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U.S. extends Keystone XL comment period, delaying final decision

Pipe is stacked at the southern site of the Keystone XL pipeline in Cushing, Oklahoma.
Getty Images
Pipe is stacked at the southern site of the Keystone XL pipeline in Cushing, Oklahoma.

The U.S. State Department announced on Friday it is extending the government comment period on the Keystone XL pipeline, a move that likely postpones a final decision on the controversial project until after the Nov. 4 mid-term elections.

President Barack Obama has said he will make a final decision on whether to allow the pipeline connecting Canada's oil sands region to Texas refiners and several government agencies had been given until the end of May to weigh in. This had raised expectations of a final decision by mid-year.

However on Friday officials cited uncertainty stemming from a dispute in Nebraska over the proposed route of the pipeline as reason to keep the federal agency comment period open longer, throwing into doubt the timing of a project that has been awaiting a U.S. permit for more than five years.

Read More What Happens if the Keystone XL Pipeline Isn't Built?

"The Permit process will conclude once factors that have a significant impact on determining the national interest of the proposed project have been evaluated and appropriately reflected in the decision documents," the State Department said.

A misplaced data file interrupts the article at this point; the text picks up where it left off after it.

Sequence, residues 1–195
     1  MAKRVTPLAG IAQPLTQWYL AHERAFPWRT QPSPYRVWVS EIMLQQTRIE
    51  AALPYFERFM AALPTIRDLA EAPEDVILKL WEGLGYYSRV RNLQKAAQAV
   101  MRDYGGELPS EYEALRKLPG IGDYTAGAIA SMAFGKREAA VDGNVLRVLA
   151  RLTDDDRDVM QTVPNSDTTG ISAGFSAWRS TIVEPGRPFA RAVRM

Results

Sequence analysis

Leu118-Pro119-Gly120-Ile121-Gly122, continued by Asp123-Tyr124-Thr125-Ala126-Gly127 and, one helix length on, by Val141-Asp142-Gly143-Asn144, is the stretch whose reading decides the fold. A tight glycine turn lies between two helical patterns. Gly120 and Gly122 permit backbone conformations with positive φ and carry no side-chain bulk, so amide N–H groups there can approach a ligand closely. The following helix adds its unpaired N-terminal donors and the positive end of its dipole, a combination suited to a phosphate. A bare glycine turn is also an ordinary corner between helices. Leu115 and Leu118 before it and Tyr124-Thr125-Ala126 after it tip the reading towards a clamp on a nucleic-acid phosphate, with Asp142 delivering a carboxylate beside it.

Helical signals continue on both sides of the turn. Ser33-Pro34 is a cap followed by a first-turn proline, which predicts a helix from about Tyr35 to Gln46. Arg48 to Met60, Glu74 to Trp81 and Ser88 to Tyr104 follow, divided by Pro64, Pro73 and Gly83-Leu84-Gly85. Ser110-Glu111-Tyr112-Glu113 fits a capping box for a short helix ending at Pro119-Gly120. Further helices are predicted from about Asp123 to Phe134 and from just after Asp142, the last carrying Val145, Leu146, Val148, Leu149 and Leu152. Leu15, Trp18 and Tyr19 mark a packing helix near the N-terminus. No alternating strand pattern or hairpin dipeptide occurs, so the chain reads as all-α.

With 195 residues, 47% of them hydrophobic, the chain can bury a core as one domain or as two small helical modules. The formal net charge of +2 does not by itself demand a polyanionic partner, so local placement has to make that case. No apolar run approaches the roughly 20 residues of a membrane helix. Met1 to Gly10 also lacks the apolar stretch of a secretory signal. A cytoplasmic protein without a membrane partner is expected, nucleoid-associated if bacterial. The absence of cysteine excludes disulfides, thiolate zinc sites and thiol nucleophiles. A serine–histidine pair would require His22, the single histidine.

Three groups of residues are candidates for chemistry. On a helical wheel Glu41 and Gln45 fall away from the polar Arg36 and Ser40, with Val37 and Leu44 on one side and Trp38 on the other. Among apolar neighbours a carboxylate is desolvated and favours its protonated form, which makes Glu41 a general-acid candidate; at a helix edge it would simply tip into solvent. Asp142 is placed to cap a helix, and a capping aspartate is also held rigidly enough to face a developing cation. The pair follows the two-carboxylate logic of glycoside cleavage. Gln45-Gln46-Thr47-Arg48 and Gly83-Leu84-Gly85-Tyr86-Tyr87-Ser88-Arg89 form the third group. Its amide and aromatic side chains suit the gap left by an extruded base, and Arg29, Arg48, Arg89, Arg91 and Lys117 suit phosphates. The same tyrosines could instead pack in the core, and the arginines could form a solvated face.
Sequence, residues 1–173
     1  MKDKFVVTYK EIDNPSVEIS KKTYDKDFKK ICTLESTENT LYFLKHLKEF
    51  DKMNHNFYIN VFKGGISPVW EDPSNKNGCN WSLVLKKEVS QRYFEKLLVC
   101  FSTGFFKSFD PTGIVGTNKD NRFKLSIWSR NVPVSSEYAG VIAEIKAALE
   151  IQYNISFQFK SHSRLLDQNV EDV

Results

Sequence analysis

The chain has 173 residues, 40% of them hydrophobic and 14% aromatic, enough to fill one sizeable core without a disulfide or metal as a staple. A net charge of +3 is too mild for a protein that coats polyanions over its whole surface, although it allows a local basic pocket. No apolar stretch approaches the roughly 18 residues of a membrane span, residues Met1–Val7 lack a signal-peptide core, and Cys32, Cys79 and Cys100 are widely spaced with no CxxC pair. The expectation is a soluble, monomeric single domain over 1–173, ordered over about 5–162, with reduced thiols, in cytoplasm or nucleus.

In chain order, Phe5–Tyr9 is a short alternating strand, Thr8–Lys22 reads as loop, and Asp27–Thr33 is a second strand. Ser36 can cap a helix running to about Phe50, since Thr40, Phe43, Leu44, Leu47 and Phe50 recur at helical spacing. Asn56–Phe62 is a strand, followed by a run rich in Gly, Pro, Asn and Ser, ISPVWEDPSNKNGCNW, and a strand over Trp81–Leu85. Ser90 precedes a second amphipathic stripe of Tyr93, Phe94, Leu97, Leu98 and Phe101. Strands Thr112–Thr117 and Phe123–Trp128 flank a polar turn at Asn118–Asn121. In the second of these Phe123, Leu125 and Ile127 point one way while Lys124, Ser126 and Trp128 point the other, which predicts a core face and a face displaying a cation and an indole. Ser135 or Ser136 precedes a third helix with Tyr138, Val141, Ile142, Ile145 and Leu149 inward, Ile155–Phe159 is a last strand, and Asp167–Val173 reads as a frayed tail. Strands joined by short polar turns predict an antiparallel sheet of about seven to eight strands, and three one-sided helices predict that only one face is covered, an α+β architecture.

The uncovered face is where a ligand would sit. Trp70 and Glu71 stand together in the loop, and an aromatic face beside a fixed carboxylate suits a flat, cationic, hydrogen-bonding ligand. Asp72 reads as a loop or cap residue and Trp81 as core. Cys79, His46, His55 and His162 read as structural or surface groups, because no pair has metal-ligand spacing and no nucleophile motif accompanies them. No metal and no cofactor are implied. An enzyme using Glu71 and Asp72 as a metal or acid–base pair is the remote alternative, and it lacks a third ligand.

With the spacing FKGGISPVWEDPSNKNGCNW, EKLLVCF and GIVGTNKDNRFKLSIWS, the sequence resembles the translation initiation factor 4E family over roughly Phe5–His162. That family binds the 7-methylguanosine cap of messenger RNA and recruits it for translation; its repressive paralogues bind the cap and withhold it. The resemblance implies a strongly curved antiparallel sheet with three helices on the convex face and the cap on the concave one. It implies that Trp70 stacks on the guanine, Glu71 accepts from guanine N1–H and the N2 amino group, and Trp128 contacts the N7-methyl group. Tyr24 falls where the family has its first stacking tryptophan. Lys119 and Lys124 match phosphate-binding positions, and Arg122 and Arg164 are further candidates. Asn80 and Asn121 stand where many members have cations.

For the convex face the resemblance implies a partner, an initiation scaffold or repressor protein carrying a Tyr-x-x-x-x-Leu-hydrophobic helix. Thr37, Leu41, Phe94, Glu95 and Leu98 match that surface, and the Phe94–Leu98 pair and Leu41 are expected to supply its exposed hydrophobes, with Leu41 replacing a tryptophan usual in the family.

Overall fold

The move is likely to infuriate Canadian politicians who have grown increasingly irate over delays. It may also upset some in Obama's own party. Just a week ago, 11 Democratic senators, many facing tough November races, urged him to make to make a decision by May 31.

The move will also have sweeping consequences across Canada's oil industry, threatening to prolong the deep discounts on cash crude prices for producers such as Suncor Energy Inc and Cenovus Energy Inc, while aiding oil-by-rail developers like Gibson Energy and Canexus Corp that are racing to fill a gap left by a lack of export pipeline capacity.

By linking Canadian fields to refiners in the Gulf Coast, the 1,200-mile (1,900-km) Keystone XL pipeline would be a boon to an energy patch where oil sands are abundant but that produce more carbon pollution than many other forms of crude.

Keystone opponents say that burning fossil fuels to wrench oil sands crude from the ground will worsen climate change, and that the $5.4 billion pipeline, which could carry up to 830,000 barrels a day, would only spur more production.

State Department officials briefed lawmakers on Friday afternoon.

Read More Senate Democrats to Obama: Make a call on Keystone

The uncertainty in Nebraska arose in February after Judge Stephanie Stacy struck down a state law that had allowed Governor Dave Heineman to approve the pipeline's path through the state. Some landowners had objected to the legislation, saying it disregarded their property rights.

- By Reuters

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